Well it just so happened that I recently managed to get my hands on The Ultimate Wizardry Archives, a collection of the first seven Wizardry games released in 1998. This is a set I had back in the day, but I never got really far in this series of games. I had zero patience for mapping dungeons on graph paper back in 1998—by the time I had access to Wizardry, I had already played much more advanced titles such as Ultima VI and Pool of Radiance, and Wizardry just seemed too basic and boring for me to put any time into it.
It doesn't help that my previous exposure to the series was through the NES port. While that is a fine port indeed, considering, I don't think as a kid I even understood the fact that you were supposed to be drawing maps of these things. I guess I figured you would just memorize the dungeons by going through them over and over.
So now, with graph paper and pencil in hand, I launched DOSBOX, started up Wizardry and—
*STONER KID DROPS BEER*
*RODNEY DANGERFIELD LOOKS ON, CONTINUING TO POUR BEER INTO ALREADY FULL GLASS THAT IS COMICALLY OVERFLOWING*
What are these colors!?!?!
I can deal with old graphics, but this color scheme is horrible. Surely there is a better way to play this game.
Actually, this is what happens when you play these games on a VGA video card. Configuring DOSBOX to emulate a CGA card gives us the following:
Much better! This is how the game would have looked back in the day on period correct hardware (more or less).
One of the benefits of playing the games from The Ultimate Wizardry Archives is that the first five of the games can be installed to hard disk (the original IBM PC versions would boot straight from the floppy disk), meaning there is no need to M)AKE SCENARIO DISK. (This also means that you can easily keep a backup of your game as you play, simply by copying the save file after you are done playing for the day).
One part of RPGs that I simultaneously dread and enjoy is character creation. If there are too many choices I tend to freeze up (with good reason, as you could easily make worthless characters in a lot of these games, wasting tons of time), and it's even worse when character generation has random aspects.
Character generation in Wizardry doesn't overwhelm you with too many options, and although there is some randomness to it, it basically comes down to, "Do I just take the average characters that the game generates for me, or do I keep regenerating until I get super characters." I have little patience for this stuff, so I ended up with what the game handed me: five average characters and one super character.
After buying equipment, I was off to adventure!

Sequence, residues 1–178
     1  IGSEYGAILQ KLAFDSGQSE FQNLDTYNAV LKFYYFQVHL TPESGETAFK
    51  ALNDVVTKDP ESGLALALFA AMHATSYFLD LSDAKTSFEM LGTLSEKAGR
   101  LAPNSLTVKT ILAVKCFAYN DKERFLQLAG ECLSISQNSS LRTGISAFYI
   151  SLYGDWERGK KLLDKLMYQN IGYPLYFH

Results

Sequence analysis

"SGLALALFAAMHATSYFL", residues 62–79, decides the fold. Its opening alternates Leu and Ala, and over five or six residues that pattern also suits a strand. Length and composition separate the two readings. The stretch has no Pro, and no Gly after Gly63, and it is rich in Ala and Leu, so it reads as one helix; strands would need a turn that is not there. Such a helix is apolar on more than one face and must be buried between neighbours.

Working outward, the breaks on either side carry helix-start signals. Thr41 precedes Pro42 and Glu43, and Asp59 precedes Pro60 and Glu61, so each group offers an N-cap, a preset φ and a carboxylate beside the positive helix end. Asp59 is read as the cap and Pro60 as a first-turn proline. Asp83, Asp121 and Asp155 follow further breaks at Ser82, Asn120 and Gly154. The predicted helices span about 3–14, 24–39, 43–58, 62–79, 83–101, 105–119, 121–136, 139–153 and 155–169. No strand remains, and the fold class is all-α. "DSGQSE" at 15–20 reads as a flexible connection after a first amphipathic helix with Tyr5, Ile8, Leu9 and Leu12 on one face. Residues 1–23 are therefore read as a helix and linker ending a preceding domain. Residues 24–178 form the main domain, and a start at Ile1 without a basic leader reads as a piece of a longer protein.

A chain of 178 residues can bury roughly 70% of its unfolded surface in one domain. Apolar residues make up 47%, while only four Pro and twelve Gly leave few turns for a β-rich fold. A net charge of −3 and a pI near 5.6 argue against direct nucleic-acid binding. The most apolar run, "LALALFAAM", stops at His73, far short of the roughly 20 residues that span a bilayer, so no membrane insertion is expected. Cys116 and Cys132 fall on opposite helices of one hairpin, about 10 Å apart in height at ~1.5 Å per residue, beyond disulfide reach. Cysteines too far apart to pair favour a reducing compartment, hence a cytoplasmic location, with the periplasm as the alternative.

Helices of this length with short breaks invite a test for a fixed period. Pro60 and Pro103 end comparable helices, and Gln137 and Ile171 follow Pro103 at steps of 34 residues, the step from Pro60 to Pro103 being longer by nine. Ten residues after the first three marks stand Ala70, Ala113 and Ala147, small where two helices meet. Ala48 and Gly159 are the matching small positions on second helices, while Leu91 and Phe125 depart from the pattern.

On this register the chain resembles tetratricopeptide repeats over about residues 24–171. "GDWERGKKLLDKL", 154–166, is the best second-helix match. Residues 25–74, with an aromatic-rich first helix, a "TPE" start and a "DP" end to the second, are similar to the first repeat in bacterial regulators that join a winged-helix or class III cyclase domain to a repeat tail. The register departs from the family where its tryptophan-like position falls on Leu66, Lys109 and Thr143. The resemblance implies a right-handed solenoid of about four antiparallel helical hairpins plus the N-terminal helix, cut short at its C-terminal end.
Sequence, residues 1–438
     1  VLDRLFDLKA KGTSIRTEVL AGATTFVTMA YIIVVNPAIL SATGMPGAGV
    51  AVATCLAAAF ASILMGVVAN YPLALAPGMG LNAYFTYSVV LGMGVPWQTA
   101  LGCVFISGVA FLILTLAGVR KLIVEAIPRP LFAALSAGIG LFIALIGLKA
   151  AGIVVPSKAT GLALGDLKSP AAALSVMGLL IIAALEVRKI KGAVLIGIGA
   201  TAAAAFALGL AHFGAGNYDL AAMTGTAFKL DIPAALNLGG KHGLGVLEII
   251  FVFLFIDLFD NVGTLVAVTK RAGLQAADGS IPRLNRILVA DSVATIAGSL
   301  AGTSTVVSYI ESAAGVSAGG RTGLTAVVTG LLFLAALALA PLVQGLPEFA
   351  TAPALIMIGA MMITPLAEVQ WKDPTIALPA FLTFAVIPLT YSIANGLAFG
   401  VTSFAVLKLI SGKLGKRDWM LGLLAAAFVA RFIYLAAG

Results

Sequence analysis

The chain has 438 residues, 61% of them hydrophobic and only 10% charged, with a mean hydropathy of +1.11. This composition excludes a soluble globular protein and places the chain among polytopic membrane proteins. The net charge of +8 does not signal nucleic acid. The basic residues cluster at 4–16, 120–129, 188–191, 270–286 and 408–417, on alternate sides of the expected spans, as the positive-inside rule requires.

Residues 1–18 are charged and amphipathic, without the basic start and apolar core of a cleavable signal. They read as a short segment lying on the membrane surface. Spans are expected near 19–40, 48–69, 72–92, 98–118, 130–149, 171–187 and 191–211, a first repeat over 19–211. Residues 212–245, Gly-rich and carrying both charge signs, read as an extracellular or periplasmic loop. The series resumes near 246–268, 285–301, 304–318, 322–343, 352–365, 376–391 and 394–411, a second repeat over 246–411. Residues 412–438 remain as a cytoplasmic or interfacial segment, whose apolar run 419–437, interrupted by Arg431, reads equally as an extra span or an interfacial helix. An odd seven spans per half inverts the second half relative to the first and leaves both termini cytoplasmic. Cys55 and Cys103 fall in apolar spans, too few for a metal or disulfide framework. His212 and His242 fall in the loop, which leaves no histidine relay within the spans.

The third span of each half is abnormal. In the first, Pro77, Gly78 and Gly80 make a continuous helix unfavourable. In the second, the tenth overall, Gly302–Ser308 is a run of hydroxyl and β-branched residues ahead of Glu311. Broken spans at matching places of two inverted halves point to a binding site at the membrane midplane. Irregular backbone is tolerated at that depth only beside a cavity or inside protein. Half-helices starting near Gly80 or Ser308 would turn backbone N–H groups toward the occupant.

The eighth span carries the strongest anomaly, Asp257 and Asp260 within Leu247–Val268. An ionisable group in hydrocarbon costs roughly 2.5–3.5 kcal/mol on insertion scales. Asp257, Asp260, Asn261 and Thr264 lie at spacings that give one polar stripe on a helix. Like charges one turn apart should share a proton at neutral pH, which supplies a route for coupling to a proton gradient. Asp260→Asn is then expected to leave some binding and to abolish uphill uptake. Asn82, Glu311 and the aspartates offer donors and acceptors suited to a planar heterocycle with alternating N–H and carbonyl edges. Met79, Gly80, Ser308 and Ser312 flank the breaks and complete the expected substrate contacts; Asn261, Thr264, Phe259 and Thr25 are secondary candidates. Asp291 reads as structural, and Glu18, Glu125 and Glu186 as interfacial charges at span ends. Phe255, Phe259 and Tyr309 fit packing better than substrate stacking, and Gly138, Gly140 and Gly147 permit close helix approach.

Wizardry has two types of screens. When you are in the Castle preparing for adventure, it's a bunch of text menus. The Maze is presented in wireframe "3D" where you see things from the perspective of your characters. It ain't much too look at, but moving about is fast and responsive. I found myself really getting into the game very quickly, and the B&W wireframe dungeon walls actually became quite atmospheric.
Before long you get into combat, and this is what you see. I do like that your HITS are visible at all times (a complaint I had with Might & Magic is that you need to access a status screen to view your characters in battle). You get a nice little drawing of all the monsters in the current encounter. I have to admit, I really like this art. Unlike the grim NES art, it's kinda whimsical and friendly without being goofy.
That UNDEAD KOBOLD up there appears to be doing The Robot.
At this point the combat is not very challenging. Rather than fighting powerful monsters that require you to heal up after every battle, you are fighting large groups of monsters that slowly chip away at your HITS. This makes the combat game more about resource management than tactics (at least early on).
Over the course of a couple days of playing 15-30 minutes a day, I was able to map much of the first dungeon level and gain a few experience levels. The first dungeon level is very interesting because there are a lot of things to find (the use of which is unclear at this point), and even some early mapping puzzles/challenges, such as dark rooms (where you have to "feel" your way around the room by bumping into walls you can't see), a section with a bunch of small rooms with one-way secret doors, and even some teleporters!
There is something very satisfying about the simplicity of a game like Wizardry. It's something that you really can just spend 10-15 minutes on when you have some time, thanks to how fast combat is and the snappy response when exploring.